The department plans to develop at least two exascale supercomputers that would be more than 10 times more powerful than today’s reigning supercomputer.
The Energy Department is looking to partner with industry to build what would become the most powerful supercomputers in the world.
The agency on Monday published a request for proposal worth up to $1.8 billion to develop two exascale supercomputers, and a potential third supercomputer at some point in the future. The systems, which would each cost an estimated $400 to $600 million to build, are scheduled for completion between 2021 and 2023.
The computers would outperform China’s Sunway TaihuLight supercomputer, the most powerful machine in existence, by more than tenfold and run 50- to 100-times faster than the current fastest computer in the U.S. Technologists have hypothesized that exascale technology, capable of crunching more than one quintillion calculations per second, would mirror the computing power of the human brain.
For comparison, that’s about 3.1 million times faster than an iPhone X.
“These new systems represent the next generation in supercomputing and will be critical tools both for our nation’s scientists and for U.S. industry,” said Energy Secretary Rick Perry in a statement. “They will help ensure America’s continued leadership in the vital area of high-performance computing, which is an essential element of our national security, prosperity, and competitiveness as a nation.”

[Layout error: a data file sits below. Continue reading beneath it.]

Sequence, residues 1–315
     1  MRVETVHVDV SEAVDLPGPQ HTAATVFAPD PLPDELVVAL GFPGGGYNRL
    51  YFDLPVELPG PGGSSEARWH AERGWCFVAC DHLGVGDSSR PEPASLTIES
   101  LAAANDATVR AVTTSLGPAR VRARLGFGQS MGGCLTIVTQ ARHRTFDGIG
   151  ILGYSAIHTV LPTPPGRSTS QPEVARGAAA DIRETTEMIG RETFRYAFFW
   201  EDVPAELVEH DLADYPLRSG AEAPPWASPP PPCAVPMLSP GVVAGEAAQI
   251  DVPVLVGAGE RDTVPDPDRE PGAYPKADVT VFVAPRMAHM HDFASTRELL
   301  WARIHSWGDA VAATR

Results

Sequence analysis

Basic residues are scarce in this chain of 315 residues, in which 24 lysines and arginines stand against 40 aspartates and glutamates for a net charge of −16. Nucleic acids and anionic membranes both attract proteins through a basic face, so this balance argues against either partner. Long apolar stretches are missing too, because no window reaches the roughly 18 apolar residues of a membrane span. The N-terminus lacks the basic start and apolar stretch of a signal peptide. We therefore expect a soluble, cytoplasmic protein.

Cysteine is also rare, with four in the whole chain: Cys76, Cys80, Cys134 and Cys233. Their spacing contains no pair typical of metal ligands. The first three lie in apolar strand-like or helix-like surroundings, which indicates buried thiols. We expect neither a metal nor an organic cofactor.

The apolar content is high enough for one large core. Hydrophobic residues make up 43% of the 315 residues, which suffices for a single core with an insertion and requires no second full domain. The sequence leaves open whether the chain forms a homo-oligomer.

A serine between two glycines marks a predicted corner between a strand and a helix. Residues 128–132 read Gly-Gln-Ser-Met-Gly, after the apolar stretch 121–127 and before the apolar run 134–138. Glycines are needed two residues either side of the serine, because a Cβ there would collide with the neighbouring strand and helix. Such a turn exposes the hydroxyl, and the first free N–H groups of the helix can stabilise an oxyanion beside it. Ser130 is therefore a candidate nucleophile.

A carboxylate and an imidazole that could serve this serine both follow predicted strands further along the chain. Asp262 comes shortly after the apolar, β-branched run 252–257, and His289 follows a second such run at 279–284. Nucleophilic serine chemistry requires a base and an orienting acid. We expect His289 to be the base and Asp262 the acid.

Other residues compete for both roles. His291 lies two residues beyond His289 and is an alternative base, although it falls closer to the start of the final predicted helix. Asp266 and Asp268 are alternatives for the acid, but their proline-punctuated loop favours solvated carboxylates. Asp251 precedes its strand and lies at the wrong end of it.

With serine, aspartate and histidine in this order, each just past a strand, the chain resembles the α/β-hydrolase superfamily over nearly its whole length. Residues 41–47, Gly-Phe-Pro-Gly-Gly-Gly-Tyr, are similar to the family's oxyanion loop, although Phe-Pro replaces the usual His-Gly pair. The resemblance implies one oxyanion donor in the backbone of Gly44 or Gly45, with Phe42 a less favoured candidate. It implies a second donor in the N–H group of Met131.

The technology would provide researchers with unprecedented modeling, simulation and data analysis capabilities and open the door for more powerful artificial intelligence and machine-learning applications. The systems would enable “breakthroughs” in high-energy physics, cancer research, nuclear security evaluation and countless other areas, according to the department.
The RFP calls for supercomputers to be deployed at both Oak Ridge National Laboratory in Tennessee and Lawrence Livermore National Laboratory in California, and a third system to potentially be installed at Argonne National Laboratory near Chicago.
The request comes as Argonne works to develop a separate exascale supercomputer authorized by Perry in June 2017. The system, dubbed Aurora, is scheduled to be up and running by 2021.
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